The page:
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kurrika last won the day on April 16

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  1. If the job posting specifies that they are hiring for a position and establishing an eligibility list the hiring person can choose to create an eligibility list. You stock your eligibility list with people you would have hired, and rank them based on how they scored. If you are smart, you say "may establish an eligibility list" so if you interview a bunch of people who technically pass but who don;t wow you , you just don't establish a list. If you are hiring the same job description again during the time period you have to hire off the list. I don't know how the AG hires lawyers.
  2. I can't tell you the turn over rate for those jobs / rate of openings. I can say that it is fairly common to hire off of eligibility lists in the BC government, and that when I've hired off an eligibility list, outside candidates tend to get new jobs and are less likely to be available to hire when you want them (because they are good hires, so likely to find work somewhere). You typically have to go further down an eligibility list if it is made up of outside of government people. So don't worry too much about your spot on the list. If they have a bunch of spots opening up in the next year chances are good. That said, keep applying.
  3. @rglasgow does procurement I think.
  4. My personal opinion - a competitive candidate is one who: has strong grades over all and tax courses in particular has demonstrated an interest in tax (course selection and extracurriculars - this easier now than it was, there are lots more moots and other activities) can write and converse fluently and comfortably in tax concepts and tax case law (so you pass the interview and tests) has some social skills More tax courses, is of course better. So are black letter law courses. Demonstrating sustained interest in tax is important because you are going to be doing tax, all day, every day. If don't love it, you will likely grow hate your life and then start doing bad work or pissing off the other clerks by slacking. Social skills are important because 90 per cent of your time is going to be spent interacting with the other clerks. It's tax camp basically. If you are a horrible troll or a weird lump, it will be a bad atmosphere.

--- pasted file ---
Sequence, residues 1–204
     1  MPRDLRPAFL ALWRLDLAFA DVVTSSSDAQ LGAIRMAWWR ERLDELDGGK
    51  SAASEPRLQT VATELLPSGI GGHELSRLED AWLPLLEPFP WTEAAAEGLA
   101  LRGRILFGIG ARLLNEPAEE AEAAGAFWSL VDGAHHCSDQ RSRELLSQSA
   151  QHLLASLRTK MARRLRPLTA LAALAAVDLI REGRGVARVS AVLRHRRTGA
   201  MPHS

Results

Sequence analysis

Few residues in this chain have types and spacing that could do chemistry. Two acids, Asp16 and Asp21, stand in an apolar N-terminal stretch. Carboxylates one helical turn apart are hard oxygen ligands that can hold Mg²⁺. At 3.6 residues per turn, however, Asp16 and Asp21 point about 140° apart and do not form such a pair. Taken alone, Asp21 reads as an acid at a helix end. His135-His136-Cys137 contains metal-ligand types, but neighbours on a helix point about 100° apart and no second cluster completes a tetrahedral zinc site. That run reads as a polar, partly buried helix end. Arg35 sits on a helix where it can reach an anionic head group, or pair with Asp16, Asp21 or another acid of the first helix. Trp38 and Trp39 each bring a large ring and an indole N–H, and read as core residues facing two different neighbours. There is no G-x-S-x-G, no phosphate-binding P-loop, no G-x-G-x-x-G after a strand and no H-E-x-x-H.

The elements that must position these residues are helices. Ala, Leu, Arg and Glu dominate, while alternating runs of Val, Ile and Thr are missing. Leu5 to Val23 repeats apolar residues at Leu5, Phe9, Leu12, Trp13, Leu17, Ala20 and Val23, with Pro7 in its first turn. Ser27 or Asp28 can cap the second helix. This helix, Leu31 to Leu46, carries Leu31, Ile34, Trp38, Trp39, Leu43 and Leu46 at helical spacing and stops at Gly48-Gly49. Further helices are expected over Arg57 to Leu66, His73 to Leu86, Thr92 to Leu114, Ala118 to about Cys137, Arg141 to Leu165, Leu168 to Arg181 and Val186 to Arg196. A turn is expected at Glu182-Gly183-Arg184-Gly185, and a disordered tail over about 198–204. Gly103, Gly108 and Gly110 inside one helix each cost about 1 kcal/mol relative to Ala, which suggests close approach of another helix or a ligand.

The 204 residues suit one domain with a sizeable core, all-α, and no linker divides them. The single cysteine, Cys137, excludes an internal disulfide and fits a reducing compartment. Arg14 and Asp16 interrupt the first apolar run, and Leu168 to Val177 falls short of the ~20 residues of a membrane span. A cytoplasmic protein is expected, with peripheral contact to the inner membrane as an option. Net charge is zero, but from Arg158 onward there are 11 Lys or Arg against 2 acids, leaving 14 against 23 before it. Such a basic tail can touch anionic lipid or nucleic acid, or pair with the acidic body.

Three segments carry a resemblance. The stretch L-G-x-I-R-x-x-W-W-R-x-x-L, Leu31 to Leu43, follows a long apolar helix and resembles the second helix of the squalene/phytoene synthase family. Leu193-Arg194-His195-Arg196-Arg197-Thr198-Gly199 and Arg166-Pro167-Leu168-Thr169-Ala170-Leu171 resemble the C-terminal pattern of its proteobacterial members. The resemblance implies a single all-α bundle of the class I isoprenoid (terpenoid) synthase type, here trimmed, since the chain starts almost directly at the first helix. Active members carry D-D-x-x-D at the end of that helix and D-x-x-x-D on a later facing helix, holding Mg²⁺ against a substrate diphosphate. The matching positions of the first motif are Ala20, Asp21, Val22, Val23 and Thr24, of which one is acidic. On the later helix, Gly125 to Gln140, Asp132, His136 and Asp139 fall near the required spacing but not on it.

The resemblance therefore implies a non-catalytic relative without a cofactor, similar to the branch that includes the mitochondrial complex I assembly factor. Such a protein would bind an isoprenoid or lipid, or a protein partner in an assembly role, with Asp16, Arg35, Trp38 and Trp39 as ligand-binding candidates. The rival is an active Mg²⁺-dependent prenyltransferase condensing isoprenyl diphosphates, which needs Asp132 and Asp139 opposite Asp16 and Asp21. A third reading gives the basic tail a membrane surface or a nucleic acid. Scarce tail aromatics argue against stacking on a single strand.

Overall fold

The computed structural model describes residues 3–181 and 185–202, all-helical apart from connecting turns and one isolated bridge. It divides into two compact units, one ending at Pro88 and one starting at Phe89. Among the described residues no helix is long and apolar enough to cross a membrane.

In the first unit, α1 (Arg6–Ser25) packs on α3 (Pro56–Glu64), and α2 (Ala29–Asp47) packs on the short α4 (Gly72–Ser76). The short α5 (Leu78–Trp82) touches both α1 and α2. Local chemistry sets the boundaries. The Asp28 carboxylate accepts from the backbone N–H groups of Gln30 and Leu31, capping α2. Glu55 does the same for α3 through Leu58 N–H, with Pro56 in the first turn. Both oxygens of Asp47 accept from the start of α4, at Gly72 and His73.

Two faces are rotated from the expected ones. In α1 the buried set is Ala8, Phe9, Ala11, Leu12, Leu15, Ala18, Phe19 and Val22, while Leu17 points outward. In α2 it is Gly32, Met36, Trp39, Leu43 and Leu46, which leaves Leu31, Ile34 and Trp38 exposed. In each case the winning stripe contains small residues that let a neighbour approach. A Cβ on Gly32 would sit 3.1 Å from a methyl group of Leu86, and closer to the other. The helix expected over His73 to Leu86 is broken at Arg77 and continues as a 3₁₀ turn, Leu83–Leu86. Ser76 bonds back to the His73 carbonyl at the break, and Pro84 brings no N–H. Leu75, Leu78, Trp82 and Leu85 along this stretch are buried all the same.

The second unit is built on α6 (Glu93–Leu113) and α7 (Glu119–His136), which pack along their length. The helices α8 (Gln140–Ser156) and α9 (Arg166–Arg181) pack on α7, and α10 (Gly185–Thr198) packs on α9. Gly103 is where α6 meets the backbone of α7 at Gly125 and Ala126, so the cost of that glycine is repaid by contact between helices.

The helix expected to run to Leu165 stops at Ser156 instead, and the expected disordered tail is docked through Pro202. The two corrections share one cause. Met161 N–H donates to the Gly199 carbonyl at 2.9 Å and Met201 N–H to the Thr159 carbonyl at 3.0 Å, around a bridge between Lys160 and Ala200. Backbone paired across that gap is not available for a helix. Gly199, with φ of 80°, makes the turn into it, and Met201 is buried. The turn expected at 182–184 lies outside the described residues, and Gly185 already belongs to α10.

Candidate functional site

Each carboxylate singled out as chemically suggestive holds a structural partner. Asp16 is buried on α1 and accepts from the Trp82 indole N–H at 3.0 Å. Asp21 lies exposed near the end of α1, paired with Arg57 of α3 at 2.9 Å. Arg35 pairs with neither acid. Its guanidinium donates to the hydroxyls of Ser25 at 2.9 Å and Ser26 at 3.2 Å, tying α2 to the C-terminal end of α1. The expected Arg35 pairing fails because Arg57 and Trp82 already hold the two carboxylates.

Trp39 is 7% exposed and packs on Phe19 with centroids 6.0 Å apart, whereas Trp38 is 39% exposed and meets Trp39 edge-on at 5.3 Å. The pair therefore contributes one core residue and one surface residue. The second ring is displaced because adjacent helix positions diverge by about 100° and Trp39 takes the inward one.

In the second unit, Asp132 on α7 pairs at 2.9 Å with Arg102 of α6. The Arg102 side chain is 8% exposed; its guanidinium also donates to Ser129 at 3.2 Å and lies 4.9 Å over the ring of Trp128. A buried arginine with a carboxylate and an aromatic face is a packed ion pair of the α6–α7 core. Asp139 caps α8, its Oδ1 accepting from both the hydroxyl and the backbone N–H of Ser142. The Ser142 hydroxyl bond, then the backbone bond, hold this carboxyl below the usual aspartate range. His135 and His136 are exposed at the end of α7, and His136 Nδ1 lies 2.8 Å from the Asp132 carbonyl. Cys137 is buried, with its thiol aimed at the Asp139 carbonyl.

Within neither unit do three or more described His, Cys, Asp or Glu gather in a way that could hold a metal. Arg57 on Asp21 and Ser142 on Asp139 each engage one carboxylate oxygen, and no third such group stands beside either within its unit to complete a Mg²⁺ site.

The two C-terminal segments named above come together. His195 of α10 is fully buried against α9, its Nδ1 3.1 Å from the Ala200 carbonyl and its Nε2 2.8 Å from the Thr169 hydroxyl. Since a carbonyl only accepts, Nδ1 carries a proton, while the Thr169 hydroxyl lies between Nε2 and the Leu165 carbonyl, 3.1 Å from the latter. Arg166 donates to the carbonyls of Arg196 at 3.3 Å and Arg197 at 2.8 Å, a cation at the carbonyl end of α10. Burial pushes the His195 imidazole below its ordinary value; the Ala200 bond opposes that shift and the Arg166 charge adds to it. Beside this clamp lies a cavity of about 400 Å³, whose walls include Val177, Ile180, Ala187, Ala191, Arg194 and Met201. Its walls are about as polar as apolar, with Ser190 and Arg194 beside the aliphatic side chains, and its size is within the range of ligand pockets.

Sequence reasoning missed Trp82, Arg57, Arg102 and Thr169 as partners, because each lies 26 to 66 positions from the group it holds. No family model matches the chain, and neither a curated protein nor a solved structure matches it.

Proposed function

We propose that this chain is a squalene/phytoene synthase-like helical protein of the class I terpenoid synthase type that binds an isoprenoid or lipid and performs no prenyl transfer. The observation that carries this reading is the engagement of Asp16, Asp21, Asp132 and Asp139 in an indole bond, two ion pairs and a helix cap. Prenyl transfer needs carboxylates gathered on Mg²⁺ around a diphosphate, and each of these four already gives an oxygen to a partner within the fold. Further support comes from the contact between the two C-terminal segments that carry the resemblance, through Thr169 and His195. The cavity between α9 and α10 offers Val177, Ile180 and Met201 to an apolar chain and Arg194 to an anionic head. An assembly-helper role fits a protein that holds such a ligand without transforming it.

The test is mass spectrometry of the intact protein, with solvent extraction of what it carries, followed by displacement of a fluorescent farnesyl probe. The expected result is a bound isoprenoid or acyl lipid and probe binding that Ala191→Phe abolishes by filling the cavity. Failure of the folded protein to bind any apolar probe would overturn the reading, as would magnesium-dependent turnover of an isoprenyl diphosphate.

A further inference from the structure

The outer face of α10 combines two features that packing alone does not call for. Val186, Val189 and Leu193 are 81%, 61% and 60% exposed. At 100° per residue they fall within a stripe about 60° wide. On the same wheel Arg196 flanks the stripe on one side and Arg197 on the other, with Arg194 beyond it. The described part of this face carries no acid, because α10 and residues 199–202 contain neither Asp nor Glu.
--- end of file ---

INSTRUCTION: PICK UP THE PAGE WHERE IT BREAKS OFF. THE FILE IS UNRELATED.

5. https://ubcgrades.com/ https://ubcgrades.com/course-profile/ Some clever fellow stripped all the data from UBC's statistics website and made an easy to search version.
  6. Back in the good old days at UBC there was a way to see the grade distribution of all courses
  7. Maybe I'm old, or I'm used to a different curve out on the west coast. But getting 4 As of any flavour as your first year marks would be a stellar performance. An A or A+ pretty much means the course prize for the year. They hand As out like candy out east or something?
  8. When I clerked about half the clerks (maybe more?) had applied in third year and were coming from articles elsewhere.
  9. https://papers.ssrn.com/sol3/papers.cfm?abstract_id=3647633 May help some student at some point, so linking.
  10. I'm not judging the compensation or the set up. I am worried that the nature of the relationship between articling student and principal means that it is impossible for the test for independent contractor to be met, and both the student and the principal could be in for a nasty surprise when the CRA comes knocking.
  11. Caveat: Morgans LLP insists on Saville Row. The firm has a grudge against italians / italy in general since Italian Republic refused to pay for a bunch of work the firm had done for Mussolini / the Republic of Salò.
  12. Tari's book is Federal Income Tax Litigation in Canada Bourgard's is the Tax Court Practice or the Portable Tax Court practice.
  13. Not solo, but there are a number of judges who came from smaller business firms and would have been the tax specialist there. Pizzitelli practiced in Orillia and then Barrie for example.
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